I went back to the lighthouse I saw yesterday because I wanted to see the exhibits inside. As luck would have it, as I was getting ready to go in the lighthouse I struck up a conversation with the Canadian Coast Guardsman who is the only staff currently at the lighthouse. Dennis (an easy name to remember) had been born and raised in the area and had returned a couple years ago as a lighthouse tender. Heavily tattooed and wearing his uniform with a decidedly non-military nonchalance, he explained that he is one of two tenders who work 28 days on and have 28 days off and work a 40-hour week. The lighthouse and fog horn are automated and maintenance is largely farmed out to the private sector. His job, he said, was to monitor the emergency band radio when he was at his office. The rest of the time, the lighthouse is on its own. He explained several lighthouse facts to me: Each lighthouse has its own distinct light and foghorn signal. The number of light sweeps per minute and the duration and frequency of the fog horn are different for each station. We talked for about half an hour and I knew a lot more about lighthouses when we finished than when I arrived.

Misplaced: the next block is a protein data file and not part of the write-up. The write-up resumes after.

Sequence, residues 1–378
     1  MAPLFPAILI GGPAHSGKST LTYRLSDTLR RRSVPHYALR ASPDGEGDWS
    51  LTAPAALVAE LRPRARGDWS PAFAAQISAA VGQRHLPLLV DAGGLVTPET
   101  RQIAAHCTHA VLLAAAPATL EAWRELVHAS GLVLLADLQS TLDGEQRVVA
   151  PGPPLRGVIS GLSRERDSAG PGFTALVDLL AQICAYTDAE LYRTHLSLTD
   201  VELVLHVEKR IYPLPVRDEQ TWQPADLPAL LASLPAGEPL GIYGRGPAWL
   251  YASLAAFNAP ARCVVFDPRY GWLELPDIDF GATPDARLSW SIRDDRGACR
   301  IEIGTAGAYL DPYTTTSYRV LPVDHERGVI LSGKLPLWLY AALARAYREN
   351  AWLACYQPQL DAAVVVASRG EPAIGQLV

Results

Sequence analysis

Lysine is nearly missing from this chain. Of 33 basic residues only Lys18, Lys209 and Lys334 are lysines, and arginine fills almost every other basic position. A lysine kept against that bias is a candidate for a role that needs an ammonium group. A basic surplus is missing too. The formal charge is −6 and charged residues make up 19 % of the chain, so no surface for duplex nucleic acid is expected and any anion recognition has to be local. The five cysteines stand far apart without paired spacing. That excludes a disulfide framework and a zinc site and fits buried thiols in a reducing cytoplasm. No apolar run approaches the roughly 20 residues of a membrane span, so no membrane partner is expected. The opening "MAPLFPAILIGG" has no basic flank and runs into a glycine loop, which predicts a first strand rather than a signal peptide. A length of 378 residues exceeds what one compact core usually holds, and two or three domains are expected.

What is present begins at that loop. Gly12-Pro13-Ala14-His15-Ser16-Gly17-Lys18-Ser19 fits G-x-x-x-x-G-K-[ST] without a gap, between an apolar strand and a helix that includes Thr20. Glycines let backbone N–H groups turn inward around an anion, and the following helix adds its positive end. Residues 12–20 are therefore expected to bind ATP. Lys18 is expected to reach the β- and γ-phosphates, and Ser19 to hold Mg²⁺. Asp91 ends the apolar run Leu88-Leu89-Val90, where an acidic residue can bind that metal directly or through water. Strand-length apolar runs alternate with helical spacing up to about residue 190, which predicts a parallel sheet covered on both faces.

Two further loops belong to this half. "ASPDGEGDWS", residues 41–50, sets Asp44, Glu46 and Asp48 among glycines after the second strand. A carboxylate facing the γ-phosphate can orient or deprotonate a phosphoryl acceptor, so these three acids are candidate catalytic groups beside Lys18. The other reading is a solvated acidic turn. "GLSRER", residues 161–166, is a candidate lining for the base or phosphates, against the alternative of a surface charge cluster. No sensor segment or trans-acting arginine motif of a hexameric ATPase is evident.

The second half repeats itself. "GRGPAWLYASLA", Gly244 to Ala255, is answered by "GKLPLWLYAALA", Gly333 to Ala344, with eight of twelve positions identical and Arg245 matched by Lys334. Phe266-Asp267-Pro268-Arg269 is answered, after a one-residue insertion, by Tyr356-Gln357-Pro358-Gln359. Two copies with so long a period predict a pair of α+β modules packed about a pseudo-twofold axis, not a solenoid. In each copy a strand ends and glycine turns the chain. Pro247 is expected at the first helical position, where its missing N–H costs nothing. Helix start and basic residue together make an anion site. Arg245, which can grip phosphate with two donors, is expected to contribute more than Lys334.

All the buildings on the site except the lighthouse tower and Dennis’ office were sold a few years back by the Canadian government to the town of Twillingate for $1.00 for them to use as a museum as long as the new owners maintained the property. Good idea. Rather than simply recreate a “lighthouse keeper’s” museum, the town and the historical group that run it decided to gut and refurbish the main structure and create a proper museum with changing exhibits. The current exhibit features boats and boat-building over the years, beginning with pre-European Indians and continuing through the demise of handmade wooden boats and the growth of fiberglass boats. I hadn’t thought about how important boat building was in a fishing culture nor how different each boat could be based on its specific use and the boatbuilder’s special skills. I learned about kayaks and canoes, dories and punts and schooners and cruisers. The exhibit was well-done and the underlying theme bemoaned the loss of vital, historic boat-making skills with the advent of fiberglass and the end of commercial cod fishing in Newfoundland. There are, however, a small group of craftsmen dedicated to preserving and carrying on the art of boat building mastered by their fathers, their grandfathers and their great grandfathers.